GUATEMALA: Red Gunrunning

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In the troubled, filibuster-studded history of Central America, many a rusty rifle and Gatling gun has been ferried ashore through a moonlit surf from a ghostly schooner with no greater consequences than to give a dictator a mild scare or O. Henry an idea for a light-hearted story. Last week guns were again going ashore—but in a different, deadlier contest. Two thousand tons of arms and ammunition, more than all Central America has received in the last 30 years, were pouring out of the holds of a Swedish ship into Communist-infiltrated Guatemala. They were Communist weapons, almost certainly from Czechoslovakia's famed Skoda works. More were thought to be on the way, in two more freighters.

Furtive Voyage. Listed on the manifest as "steel rods, optical glass and laboratory supplies," the arms, in 15,000 cases, were loaded on the freighter Alfhem in the Baltic port of Stettin, now a part of Poland. Once through the Skagerrak and out of the foggy Baltic, the vessel acted like a ship carrying hot cargo. First she laid a course south for Dakar, French West Africa, but radioed orders changed the destination to Curaçao, in the Dutch West Indies. Nearing Curaçao, the Alfhem was again diverted, this time to Puerto Cortes, Honduras. Finally the ship's master learned his true destination: Puerto Barrios, Guatemala.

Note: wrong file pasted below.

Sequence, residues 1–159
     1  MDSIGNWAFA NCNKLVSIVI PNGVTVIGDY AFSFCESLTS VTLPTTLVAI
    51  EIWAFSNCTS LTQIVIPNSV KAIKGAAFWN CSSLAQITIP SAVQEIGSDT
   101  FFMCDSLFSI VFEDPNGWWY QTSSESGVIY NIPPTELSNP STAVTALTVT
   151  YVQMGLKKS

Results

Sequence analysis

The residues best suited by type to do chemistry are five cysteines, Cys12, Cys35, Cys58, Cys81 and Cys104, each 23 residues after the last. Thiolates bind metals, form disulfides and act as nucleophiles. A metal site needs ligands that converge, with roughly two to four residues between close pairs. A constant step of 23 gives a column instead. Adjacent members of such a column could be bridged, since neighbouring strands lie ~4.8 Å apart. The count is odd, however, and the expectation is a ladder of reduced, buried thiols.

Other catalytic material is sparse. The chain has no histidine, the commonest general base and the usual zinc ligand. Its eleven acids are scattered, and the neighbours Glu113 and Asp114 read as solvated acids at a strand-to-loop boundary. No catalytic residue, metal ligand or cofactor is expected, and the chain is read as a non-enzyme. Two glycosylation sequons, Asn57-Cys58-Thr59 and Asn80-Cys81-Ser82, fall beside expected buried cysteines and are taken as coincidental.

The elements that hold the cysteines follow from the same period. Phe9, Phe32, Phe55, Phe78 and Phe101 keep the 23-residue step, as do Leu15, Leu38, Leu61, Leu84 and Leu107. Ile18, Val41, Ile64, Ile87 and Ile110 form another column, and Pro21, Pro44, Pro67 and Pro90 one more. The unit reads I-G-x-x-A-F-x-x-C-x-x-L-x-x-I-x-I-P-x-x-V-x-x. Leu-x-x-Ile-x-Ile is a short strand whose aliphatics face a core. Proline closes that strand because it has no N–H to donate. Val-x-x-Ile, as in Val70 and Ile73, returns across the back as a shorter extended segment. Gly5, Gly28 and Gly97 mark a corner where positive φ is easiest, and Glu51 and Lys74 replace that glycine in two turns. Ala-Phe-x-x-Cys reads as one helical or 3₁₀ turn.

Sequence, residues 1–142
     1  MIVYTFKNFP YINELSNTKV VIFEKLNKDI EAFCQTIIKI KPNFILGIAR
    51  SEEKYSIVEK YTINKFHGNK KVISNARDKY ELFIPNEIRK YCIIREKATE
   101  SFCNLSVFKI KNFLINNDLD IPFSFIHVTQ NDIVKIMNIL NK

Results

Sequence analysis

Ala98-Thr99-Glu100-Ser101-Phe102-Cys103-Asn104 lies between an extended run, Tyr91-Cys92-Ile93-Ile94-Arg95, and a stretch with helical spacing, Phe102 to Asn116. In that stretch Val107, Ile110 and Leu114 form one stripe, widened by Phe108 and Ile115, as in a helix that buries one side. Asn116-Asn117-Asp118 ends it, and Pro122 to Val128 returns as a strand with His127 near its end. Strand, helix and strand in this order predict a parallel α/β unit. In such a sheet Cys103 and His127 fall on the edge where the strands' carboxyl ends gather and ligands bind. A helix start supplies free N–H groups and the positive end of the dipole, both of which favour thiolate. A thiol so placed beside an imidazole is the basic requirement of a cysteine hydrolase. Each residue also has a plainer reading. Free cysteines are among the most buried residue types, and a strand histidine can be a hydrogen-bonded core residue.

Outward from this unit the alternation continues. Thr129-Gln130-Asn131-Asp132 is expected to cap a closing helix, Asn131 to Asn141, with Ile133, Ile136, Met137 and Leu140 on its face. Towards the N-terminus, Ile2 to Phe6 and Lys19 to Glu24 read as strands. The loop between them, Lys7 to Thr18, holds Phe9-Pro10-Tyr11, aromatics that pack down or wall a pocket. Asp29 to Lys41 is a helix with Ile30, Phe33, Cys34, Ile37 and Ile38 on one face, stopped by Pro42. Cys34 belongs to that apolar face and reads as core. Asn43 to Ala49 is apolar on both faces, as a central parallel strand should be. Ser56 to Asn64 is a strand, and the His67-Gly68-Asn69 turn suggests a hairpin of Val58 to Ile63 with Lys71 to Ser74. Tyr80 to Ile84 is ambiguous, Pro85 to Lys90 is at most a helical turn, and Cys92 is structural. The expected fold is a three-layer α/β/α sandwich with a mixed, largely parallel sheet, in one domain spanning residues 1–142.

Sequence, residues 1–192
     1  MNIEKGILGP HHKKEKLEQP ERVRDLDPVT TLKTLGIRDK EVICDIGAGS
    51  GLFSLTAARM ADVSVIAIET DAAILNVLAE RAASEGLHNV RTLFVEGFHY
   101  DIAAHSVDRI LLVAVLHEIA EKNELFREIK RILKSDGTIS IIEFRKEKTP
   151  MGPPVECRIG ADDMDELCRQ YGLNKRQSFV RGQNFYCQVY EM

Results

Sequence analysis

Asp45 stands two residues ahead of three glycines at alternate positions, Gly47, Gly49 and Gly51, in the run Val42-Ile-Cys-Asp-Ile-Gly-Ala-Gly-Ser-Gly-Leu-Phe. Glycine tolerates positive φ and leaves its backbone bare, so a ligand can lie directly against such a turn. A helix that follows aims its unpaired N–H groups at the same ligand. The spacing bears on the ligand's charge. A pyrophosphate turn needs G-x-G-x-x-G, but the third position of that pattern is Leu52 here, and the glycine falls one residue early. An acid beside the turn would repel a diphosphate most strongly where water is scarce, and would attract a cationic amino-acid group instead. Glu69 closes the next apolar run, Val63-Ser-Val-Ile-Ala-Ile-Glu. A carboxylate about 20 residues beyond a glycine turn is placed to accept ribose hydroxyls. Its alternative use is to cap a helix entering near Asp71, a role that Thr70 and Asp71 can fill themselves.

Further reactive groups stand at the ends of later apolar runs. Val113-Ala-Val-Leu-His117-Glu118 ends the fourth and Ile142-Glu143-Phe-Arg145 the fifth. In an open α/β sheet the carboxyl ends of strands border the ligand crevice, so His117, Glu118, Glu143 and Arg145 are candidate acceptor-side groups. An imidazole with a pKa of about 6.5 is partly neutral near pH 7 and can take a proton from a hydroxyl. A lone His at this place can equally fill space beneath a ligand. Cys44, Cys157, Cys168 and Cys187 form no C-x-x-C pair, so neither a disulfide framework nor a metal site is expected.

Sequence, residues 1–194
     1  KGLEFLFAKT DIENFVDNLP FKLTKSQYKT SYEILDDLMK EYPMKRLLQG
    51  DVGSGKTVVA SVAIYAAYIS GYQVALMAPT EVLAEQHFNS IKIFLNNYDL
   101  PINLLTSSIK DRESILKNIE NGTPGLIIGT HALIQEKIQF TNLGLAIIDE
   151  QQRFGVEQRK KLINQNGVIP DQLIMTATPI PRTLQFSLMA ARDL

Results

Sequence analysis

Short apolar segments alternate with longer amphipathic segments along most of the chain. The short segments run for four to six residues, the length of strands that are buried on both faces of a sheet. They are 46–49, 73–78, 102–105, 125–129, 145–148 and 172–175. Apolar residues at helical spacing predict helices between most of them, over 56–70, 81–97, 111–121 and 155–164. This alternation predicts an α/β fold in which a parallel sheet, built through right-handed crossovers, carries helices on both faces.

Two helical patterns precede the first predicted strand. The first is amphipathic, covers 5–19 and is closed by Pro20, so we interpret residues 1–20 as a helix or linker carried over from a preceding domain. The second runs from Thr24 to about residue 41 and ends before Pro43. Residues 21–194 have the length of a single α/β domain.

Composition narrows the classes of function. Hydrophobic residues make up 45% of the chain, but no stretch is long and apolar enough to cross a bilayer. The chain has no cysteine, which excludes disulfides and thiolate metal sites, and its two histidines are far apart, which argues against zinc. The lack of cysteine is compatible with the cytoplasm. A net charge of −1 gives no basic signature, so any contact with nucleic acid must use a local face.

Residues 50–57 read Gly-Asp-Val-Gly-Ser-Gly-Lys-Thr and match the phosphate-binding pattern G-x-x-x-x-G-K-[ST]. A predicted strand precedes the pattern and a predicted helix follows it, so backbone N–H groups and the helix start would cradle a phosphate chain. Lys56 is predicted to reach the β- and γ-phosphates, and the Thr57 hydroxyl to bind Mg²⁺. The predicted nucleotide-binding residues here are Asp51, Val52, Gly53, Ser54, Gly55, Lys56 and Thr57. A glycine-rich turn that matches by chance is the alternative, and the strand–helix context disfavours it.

Guatemala's Defense Minister José Angel Sánchez was down from Guatemala City to superintend the unloading, and the dock was cleared of idlers. Day after day, on cars of the U.S.-owned International Railways of Central America, the crates rolled up to the capital, 197 miles away. Armed guards rode each car. One night a stick of dynamite exploded without serious damage under an arms train, presumably set by anti-Communist Guatemalan exiles who had come over the Honduras border, 15 miles away. Tracing the fuse, soldiers wound up in a gunfight. One sergeant and one saboteur were killed.

Just what the cars carried was the secret of President Jacobo Arbenz, his fellow colonels, and the Red gun merchants. But the weapons were thought to be mostly rifles, automatic arms, mortars and light artillery, all of them with overflowing quantities of ammunition.

Up & Coming Protégé. Guatemala's Foreign Minister Guillermo Toriello had ready reasons for buying Communist arms. Since 1949 the U.S. has refused to send any military equipment there—even, Toriello complained, "pistols for the police [or] small-caliber ammunition for the use of a hunting and fishing club." (The State Department explained that it had refused because of the "obvious uncertainty as to the purposes for which those arms might be used.") Through depletion, Guatemala's 6,000-man army had become worse supplied than the armies of Honduras, El Salvador and Nicaragua. Now it is the best armed.

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